Amendment Twenty-three to the Constitution was ratified on March 29, 1961. It gives electors to the District of Columbia – the capital city of the United States – so that it may participate in presidential elections. The official text is written as such:
The District constituting the seat of Government of the United States shall appoint in such manner as Congress may direct:
A number of electors of President and Vice President equal to the whole number of Senators and Representatives in Congress to which the District would be entitled if it were a State, but in no event more than the least populous State; they shall be in addition to those appointed by the States, but they shall be considered, for the purposes of the election of President and Vice President, to be electors appointed by a State; and they shall meet in the District and perform such duties as provided by the twelfth article of amendment.
The Congress shall have power to enforce this article by appropriate legislation.
According to the Constitution, the Electoral College grants electors only to the states, not to areas considered to be territories or districts. The “district” that would go on to become Washington, D.C. is referred to in Article I, Section 8 as a place where Congress has the authority to govern the area that would become the “Seat of the Government of the United States.” Political advocacy for D.C. having electoral power increased in the early to mid 20th century. In the wake of increased federal authority brought about by the Great Depression and the Second World War, many political groups called for D.C. to have the ability to vote in presidential elections. After a year of deliberation in Congress, Congress combined two separate proposals from the House of Representatives and the Senate to form one proposed amendment that would give D.C. a voice in presidential elections. With the recent admission of both Alaska and Hawaii as states in 1959, the new amendment would need to be approved by thirty-eight states in order to be accepted into the Constitution. The proposal was endorsed by then-President Dwight D. Eisenhower. The ratification process was completed on March 29, 1961, after which the General Services Administration certified the new Twenty-third Amendment.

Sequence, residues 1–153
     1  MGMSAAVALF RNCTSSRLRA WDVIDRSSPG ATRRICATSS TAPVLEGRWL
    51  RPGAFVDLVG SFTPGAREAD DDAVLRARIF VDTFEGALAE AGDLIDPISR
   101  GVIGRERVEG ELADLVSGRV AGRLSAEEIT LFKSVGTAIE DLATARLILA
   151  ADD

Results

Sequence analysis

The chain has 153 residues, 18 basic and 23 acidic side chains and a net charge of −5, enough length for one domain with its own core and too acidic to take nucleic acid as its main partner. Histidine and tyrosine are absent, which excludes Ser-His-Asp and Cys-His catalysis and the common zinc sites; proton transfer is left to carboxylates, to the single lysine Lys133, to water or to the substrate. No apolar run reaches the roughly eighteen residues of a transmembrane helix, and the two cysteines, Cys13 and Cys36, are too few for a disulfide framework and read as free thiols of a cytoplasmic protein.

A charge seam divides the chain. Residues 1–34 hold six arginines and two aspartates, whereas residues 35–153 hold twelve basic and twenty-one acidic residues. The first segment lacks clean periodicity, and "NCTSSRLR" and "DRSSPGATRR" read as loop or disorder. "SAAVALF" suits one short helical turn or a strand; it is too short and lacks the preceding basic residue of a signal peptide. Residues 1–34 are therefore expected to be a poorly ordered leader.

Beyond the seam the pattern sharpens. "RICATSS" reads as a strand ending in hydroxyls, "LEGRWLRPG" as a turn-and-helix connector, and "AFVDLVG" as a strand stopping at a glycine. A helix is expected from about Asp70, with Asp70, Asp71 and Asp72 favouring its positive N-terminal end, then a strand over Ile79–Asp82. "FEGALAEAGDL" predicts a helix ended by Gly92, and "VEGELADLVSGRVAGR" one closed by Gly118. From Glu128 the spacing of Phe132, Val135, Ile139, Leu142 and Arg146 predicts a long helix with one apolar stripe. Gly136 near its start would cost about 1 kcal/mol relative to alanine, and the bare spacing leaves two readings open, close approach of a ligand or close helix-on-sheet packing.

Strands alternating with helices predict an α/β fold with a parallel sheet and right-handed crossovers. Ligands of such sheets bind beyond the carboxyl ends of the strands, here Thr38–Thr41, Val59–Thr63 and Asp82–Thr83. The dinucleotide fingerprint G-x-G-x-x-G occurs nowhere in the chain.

In the decades following the Twenty-third Amendment, D.C. gained more political autonomy through the Council of the District of Columbia, the governing body in charge of the federal district under the executive rule of Congress. Through the 1970s and 1980s, the political affiliation of D.C.’s voters had shifted from relatively balanced to predominantly Democratic, making the district a near-constantly consistent electoral pool for the party in elections. In more recent years, a movement calling for D.C. to be accepted as a state has emerged. This has been met with divided perspectives and contentious debates. Those in favor of statehood have argued that the Twenty-third Amendment and the 1973 Home Rule Act were precedents for granting the district electoral power, making statehood the next natural progression. Conversely, opponents of granting D.C. statehood argued that it would give the Democratic Party an unfair advantage in elections. Others have observed that the Constitution outlines D.C. as little more than a federal district governed by Congress with the sole intention of being the place where the federal government operates, not as a full-fledged state. Irrespective of the dissenting views and politics surrounding it, the Twenty-third Amendment was significant for reflecting the increasing influences of public advocacy amid the backdrop of 20th century America.
Written by Nicholas J. Dilley, Ronald Reagan Presidential Library & Museum